The 2018 IFI French Film Festival will run for twelve days at the IFI from Wednesday 14th to Sunday 25th November. Featuring 19 Irish premières, the festival will welcome special guests Cédric Kahn, Claire Burger, Andréa Bescond, and Eric Métayer. Tickets are now on sale from www.ifi.ie/frenchfest.
Highlights of this year’s festival include Cannes favourite Girl, directed by Lukas Dhont, Agnès Jaoui’s Place publique, Christophe Honoré’s Sorry Angel, Gilles Lellouche’s delightful swimming comedy Sink or Swim, and Camille Vidal-Naquet’s Sauvage.
The festival will open on Wednesday 14th with a Gala Screening of Claire Burger’s moving family drama Real Love; the IFI is delighted to welcome Claire Burger to the festival for an opening night Q&A. The festival will close on Sunday 25th with the Irish première of Mia Hansen-Løve’s latest film, Maya, which centres on a stricken war photographer who returns to India where he spent part of his childhood.
Acclaimed writer-director-actor Cédric Kahn, most recently seen in Paweł Pawlikowski’s Cold War, will visit the festival with his latest film The Prayer. This stunning new work follows 22-year-old Thomas (Anthony Bajon, Best Actor at this year’s Berlin Film Festival) as he joins a community of reformed drug addicts living in isolation in the mountains. Kahn will also give a Masterclass on Saturday 17th at 13.00 in association with Screen Training Ireland, and introduce a screening of his critically acclaimed 2001 film Roberto Succo.
Speaking about this year’s programme, Festival Director Marie-Pierre Richard commented, ‘The IFI once again brings a rich and eclectic mix of French cinema to Dublin with highlights from the Berlin, Cannes, Locarno, Venice, and Toronto film festivals. These films bear witness and bring insights of our times, showing through fiction or documentary works a cinema that is vibrant and alive, audacious, engaging, and richly visual. The programme includes poignant portraits of family and individuals, men and women facing many challenges in their daily life, dealing with social injustice, migration, gender inequality and issues, prostitution, sexual abuse, and young people looking for their place in an increasingly fragmented world.’
Also scheduled to appear at the festival are directors Andréa Bescond and Eric Métayer, who will present their award-winning new film Little Tickles. In the film, Bescond takes the lead as Odette, a professional dancer who comes to realise that she was sexually abused as a child by a family friend. The film, which screened in the Un Certain Regard section of this year’s Cannes Film Festival, is an imaginatively conceived exploration of childhood trauma.
Notable other films to screen from this year’s Cannes programme include: Girl, Lukas Dhont’s Queer Palme-winning story of a gender non-conforming aspiring ballerina; Stéphane Brizé’s At War, an urgent and topical film which portrays the battle of a group of workers when their profitable factory is shut down; Guillaume Senez’s Our Struggles features Romain Duris as a father battling to raise his children when his wife leaves the family home; Sauvage, Camille Vidal-Naquet’s visceral portrait of a rent boy on the streets of Strasbourg; Sorry Angel, Christophe Honoré’s vibrant queer drama focusing on a burgeoning relationship in 1990s Paris; and Yann Gonzalez’s Knife + Heart, a stylish 1970s-set thriller starring Vanessa Paradis as a low-rent pornographer.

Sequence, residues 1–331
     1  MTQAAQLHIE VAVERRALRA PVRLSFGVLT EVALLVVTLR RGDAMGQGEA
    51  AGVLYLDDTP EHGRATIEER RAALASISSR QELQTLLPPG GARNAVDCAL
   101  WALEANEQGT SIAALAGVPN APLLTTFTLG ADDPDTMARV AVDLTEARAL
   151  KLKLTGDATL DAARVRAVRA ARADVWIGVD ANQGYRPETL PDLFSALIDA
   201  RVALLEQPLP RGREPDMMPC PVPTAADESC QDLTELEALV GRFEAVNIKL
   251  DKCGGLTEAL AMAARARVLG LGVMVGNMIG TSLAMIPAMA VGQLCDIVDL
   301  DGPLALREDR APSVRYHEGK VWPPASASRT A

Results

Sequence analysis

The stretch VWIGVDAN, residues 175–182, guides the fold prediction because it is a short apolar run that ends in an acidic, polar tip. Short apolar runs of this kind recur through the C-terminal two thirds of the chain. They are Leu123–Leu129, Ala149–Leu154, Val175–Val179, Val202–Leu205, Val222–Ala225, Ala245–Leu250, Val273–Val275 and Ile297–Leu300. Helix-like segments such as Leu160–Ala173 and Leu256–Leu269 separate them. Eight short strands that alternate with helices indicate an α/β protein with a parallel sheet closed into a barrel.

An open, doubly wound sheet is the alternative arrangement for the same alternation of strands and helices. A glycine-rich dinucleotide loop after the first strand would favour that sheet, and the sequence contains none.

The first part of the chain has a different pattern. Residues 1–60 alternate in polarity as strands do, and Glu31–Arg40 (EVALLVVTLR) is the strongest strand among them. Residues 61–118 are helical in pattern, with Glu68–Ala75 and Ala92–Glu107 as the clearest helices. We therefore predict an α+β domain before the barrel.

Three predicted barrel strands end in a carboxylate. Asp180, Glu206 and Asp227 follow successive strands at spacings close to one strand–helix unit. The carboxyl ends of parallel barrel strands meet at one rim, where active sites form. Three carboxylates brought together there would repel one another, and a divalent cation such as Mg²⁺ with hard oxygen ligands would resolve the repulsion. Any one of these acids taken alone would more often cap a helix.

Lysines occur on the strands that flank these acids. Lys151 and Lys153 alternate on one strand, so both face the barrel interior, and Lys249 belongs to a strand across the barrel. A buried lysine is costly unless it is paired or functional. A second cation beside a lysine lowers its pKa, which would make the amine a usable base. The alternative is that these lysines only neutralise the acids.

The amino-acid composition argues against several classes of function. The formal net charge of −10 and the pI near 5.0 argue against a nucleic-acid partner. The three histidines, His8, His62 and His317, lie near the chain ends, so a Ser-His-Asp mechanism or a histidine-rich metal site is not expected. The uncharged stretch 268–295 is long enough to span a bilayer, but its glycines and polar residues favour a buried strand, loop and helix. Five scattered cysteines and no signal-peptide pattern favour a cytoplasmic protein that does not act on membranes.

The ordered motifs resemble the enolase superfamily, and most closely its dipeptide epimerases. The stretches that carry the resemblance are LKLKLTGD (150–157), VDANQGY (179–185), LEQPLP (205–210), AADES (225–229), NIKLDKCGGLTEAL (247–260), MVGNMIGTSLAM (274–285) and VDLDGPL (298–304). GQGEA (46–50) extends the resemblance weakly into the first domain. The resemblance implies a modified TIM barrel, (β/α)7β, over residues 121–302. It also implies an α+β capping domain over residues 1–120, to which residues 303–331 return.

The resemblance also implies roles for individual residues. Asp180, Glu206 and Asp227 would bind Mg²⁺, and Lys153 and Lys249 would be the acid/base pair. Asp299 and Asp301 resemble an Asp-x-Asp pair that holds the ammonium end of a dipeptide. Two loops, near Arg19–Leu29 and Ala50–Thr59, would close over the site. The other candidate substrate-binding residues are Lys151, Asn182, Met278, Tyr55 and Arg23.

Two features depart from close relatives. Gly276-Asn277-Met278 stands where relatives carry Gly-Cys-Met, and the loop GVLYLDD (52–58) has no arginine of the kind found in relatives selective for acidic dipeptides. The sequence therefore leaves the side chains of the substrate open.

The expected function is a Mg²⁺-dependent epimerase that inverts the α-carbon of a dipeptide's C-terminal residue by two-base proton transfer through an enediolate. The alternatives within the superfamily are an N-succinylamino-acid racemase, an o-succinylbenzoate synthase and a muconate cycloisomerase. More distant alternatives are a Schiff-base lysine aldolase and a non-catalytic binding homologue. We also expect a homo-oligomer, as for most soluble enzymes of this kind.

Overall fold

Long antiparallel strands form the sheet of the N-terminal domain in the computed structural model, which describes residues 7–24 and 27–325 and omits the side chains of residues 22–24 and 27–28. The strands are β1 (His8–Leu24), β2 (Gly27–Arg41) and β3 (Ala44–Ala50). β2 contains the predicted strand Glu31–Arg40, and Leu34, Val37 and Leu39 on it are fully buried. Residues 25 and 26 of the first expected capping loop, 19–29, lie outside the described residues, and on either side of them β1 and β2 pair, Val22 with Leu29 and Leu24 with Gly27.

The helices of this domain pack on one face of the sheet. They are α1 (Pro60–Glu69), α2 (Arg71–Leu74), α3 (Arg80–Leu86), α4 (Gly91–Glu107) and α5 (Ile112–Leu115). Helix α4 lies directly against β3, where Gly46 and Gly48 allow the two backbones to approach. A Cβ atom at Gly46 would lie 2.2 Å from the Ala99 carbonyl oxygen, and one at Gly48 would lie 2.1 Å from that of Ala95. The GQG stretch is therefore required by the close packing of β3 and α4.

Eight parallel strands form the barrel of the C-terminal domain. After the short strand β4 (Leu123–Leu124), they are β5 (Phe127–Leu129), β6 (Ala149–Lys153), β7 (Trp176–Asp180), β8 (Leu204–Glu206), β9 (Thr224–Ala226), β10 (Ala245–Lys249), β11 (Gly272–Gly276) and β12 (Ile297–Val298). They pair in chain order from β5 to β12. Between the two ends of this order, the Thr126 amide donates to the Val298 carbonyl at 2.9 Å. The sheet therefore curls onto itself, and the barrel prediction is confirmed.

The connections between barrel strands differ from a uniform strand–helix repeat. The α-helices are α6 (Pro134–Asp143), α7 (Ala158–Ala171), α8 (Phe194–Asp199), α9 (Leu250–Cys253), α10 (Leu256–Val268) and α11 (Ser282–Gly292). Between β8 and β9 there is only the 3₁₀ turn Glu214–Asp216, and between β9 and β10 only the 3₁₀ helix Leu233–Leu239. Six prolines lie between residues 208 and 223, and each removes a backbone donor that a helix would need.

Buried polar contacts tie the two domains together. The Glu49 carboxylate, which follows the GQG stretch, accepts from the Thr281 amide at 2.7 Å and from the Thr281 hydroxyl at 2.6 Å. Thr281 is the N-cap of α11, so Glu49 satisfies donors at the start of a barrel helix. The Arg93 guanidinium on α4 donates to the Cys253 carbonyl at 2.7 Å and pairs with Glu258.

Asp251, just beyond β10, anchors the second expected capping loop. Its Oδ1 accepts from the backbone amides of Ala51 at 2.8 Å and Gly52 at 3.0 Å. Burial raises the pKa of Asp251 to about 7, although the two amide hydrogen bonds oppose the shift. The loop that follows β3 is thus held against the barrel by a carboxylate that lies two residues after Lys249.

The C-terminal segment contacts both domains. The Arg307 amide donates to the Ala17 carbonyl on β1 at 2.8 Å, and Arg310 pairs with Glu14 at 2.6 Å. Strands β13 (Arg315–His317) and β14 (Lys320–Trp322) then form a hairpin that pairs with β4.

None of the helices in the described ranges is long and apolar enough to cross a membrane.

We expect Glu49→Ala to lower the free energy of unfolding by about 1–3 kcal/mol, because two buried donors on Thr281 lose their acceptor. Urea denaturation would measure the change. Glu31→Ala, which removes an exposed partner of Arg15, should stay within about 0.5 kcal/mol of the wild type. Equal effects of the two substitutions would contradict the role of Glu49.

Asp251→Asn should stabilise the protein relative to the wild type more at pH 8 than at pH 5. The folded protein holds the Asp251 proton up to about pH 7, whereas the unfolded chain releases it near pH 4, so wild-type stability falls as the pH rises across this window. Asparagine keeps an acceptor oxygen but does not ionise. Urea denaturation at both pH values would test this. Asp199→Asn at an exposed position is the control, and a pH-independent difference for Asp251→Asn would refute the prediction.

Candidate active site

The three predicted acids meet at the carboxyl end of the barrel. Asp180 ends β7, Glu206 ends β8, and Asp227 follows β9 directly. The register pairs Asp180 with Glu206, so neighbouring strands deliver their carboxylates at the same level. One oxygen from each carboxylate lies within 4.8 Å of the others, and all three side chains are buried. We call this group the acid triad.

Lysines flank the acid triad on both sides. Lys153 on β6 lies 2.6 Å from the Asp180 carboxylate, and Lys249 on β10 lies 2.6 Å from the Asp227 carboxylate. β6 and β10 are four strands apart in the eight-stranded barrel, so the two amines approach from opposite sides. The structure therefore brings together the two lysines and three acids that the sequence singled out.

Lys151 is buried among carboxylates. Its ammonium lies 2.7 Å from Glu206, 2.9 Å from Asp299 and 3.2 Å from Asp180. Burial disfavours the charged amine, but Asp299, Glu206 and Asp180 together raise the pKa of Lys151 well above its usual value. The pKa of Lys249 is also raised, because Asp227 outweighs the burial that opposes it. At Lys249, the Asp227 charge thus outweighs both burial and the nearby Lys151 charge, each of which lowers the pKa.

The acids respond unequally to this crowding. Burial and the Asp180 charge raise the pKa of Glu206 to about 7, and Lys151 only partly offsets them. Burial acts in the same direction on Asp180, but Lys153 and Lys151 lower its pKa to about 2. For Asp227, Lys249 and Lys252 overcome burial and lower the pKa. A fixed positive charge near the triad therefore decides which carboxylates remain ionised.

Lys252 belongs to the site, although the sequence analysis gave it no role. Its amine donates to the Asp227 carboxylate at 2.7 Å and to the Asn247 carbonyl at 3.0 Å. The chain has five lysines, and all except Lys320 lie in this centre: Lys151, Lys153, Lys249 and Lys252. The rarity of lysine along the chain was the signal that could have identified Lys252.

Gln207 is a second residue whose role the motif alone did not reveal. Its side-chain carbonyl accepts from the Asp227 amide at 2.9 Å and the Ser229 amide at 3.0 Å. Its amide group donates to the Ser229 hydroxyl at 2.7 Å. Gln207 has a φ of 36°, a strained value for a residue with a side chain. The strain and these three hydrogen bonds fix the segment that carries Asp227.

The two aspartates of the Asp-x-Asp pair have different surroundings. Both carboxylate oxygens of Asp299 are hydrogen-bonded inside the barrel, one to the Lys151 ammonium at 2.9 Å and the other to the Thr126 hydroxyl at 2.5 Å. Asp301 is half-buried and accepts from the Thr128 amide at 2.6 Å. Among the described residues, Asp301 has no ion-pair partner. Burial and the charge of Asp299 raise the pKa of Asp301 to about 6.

To tie-in with the 50th anniversary of the May 1968 protests, the festival is delighted to screen the full three-hour version of Chris Marker’s seminal documentary A Grin Without A Cat. The film, a fascinating account of the New Left from 1967 to 1977, features many interviews with French Communist leaders, sociologists, and students. The Prague Spring is also chronicled, along with the rise of Salvador Allende, and the Watergate scandal.
Following on from the success of last year’s Jean-Pierre Melville retrospective, this year the focus will fall on Henri-Georges Clouzot with screenings of four of his best-known works: 1943’s The Raven, starring Pierre Fresnay as a small-town doctor who receives anonymous threatening letters; The Wages of Fear, the 1953 thriller focused on four men transporting nitro-glycerine 300 miles across treacherous roads; Les Diaboliques, a heart-stopping murder mystery starring Clouzot’s wife Véra; and The Mystery of Picasso, a 1956 documentary focusing on the work of the master Cubist. The retrospective is supported by Institut Français Paris and the Embassy of France in Ireland.
Other films screening over the twelve days include: Meryem Benm’Barek-Aloïse’s Moroccan drama Sofia; Emmanuel Finkiel’s Memoir of War, France’s official entry for the 2019 Academy Awards; School’s Out, Sébastian Marnier’s chilling thriller; Pierre Salvadori’s sparkling comedyThe Trouble With You; Philippe Faucon’s Amin, starring Emmanuelle Devos; a fascinating film-essay focusing on 1980s tennis star John McEnroe, In the Realm of Perfection; Matthieu Bareyre’s compelling portrait of youth 50 years after May 1968 Young and Alive; and Benoît Delépine and Gustave Kervern’s I Feel Good, starring Oscar-winner Jean Dujardin.
Finally, younger audiences will delight in our family screening of Clovis Cornillac’s Belle and Sebastian, Friends For Life, which will take place on the closing day of the festival at 11.00.
Tickets for the IFI French Film Festival are now on sale from the IFI Box Office on 01-6793477 and from www.ifi.ie/frenchfest. Multi-ticket packages are also available for 5 and 10 films, only from the IFI Box Office – terms and conditions apply.